pilot, and all eight passengers. >> in reality, the pilot was banking left, descending and accelerating. investigators say the pilot was experiencing spatial disorientation, confusing up from down. >> there were opportunities along the way to have reversed the chorus and prevented this crash by simply landing. >> ntsb officials also adding they believe there is evidence the pilot didn't want to disappoint kobe bryant. >> the pilot always flew this particular client and we do feel that it was reasonable to draw the conclusion that there was self-induced pressure. >> numerous lawsuits have been filed, the helicopter company has denied responsibility saying the crash was an act of god it could not control. >> bret: jeff, thank you. if guns are flying off the shelves so much so that gun store owner say they are struggling to keep up with the demand.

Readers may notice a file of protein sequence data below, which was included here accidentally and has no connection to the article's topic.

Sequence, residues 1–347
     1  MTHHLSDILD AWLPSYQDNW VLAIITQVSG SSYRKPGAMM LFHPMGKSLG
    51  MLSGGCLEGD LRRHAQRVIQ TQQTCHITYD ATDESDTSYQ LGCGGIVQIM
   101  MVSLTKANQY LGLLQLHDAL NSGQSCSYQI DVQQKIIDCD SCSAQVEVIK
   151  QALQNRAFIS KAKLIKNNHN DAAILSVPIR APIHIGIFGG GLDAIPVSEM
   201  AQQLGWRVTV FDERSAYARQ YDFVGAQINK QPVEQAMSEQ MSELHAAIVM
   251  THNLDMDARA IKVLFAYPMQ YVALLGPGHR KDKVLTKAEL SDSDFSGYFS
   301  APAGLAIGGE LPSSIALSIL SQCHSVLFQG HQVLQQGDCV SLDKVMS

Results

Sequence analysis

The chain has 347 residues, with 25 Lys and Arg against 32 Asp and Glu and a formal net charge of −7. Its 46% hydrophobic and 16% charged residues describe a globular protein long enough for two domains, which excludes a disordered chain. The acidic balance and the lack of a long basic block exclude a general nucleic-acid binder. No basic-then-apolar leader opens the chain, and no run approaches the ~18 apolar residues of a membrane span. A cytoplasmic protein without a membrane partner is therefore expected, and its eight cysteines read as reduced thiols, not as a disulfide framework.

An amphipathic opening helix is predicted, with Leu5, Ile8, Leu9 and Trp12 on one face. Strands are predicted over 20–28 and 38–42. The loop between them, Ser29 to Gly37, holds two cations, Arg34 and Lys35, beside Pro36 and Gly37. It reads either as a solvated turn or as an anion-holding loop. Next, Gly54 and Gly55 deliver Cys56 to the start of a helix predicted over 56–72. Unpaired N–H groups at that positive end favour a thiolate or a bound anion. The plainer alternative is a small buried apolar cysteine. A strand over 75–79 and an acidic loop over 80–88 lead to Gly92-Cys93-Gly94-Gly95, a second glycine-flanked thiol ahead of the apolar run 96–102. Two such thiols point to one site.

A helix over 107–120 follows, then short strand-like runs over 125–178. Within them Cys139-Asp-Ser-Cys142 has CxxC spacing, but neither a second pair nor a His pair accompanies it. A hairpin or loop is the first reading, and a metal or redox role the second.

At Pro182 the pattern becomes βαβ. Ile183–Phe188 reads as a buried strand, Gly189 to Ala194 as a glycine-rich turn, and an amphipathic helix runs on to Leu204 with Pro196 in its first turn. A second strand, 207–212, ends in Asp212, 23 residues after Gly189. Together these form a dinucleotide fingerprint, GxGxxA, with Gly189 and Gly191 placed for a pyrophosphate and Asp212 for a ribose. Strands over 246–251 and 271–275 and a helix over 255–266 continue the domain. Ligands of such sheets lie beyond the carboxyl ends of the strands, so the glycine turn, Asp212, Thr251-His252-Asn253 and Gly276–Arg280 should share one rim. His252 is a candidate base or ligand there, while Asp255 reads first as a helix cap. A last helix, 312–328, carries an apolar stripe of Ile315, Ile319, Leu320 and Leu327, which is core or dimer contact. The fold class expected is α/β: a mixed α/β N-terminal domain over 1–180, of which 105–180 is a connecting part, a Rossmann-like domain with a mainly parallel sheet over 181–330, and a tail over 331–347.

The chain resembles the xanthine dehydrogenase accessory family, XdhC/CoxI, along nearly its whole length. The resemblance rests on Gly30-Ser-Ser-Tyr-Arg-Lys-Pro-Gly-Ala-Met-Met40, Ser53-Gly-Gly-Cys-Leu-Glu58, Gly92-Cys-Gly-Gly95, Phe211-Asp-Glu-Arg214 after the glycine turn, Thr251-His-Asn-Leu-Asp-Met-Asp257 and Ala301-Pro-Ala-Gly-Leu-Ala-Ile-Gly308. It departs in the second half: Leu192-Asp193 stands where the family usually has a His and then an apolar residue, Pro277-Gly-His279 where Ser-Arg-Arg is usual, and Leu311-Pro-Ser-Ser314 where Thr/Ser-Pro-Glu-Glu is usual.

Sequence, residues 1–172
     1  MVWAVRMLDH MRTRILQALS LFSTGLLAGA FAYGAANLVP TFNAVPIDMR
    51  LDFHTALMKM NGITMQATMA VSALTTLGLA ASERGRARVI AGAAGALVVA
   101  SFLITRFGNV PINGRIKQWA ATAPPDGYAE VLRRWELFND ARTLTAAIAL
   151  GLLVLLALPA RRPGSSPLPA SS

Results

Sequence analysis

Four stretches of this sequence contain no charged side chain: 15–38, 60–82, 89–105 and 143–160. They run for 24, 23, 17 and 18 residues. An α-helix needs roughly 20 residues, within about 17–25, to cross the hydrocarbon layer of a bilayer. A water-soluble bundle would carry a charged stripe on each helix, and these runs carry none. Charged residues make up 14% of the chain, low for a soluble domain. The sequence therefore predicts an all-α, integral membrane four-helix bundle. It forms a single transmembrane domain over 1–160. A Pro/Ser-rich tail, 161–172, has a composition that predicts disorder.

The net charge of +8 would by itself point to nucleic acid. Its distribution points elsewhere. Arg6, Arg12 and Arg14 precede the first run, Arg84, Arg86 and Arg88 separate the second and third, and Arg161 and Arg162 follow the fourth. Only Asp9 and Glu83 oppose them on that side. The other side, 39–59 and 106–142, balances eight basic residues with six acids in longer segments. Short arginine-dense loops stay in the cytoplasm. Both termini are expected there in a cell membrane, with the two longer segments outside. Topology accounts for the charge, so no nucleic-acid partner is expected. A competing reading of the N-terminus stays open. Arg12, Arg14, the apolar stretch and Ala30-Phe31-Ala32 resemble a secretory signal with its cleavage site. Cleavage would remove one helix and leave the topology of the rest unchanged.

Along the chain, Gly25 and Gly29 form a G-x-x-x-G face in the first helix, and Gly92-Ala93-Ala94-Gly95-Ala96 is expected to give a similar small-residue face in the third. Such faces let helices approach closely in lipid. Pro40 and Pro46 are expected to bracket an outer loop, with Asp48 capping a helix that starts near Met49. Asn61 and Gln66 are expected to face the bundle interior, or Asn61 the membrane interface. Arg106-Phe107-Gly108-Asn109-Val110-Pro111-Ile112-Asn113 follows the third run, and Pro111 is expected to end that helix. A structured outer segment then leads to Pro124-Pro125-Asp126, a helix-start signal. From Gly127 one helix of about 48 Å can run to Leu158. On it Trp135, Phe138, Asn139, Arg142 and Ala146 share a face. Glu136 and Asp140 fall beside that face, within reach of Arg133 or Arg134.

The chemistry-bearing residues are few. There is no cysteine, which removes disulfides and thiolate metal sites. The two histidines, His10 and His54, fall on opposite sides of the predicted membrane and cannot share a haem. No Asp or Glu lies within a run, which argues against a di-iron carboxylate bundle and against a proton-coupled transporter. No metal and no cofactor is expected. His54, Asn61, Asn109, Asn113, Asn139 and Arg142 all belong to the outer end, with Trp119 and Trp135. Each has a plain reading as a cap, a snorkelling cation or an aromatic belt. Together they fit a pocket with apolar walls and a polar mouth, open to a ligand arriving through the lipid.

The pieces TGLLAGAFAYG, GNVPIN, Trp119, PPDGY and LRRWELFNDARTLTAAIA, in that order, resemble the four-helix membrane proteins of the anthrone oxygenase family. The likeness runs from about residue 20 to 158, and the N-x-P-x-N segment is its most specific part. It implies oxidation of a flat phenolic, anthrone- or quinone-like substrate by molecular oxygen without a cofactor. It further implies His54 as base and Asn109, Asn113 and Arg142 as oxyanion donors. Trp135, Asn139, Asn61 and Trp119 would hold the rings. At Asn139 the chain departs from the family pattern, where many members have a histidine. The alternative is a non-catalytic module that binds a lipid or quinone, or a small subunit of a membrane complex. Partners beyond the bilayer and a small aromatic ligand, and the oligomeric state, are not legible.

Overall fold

so, what's the reason for the increase? fox business network correspondent jeff flock takes a look from new lenox illinois. >> right now i don't see an end in sight. >> jeff wegner, key firearms in a chicago suburb sold more guns last month than ever before. >> it's been crazy. we've had lines around the door come inside here and out the building and in the parking lot for months. >> it's been a perfect storm spirit to gun sale starting with panic over the coronavirus, then demonstrations over the death of george floyd, a divisive presidential election campaign, culminating the storming of the u.s. capital followed by the inauguration of a new administration and the promise of new restrictions on gun ownership. >> they are buying them two or three at a time because i think they are going to ban them with the new administration. they think they will band that specifically. >> in january, they processed 4.3 million background checks, the 60% increase and an all-time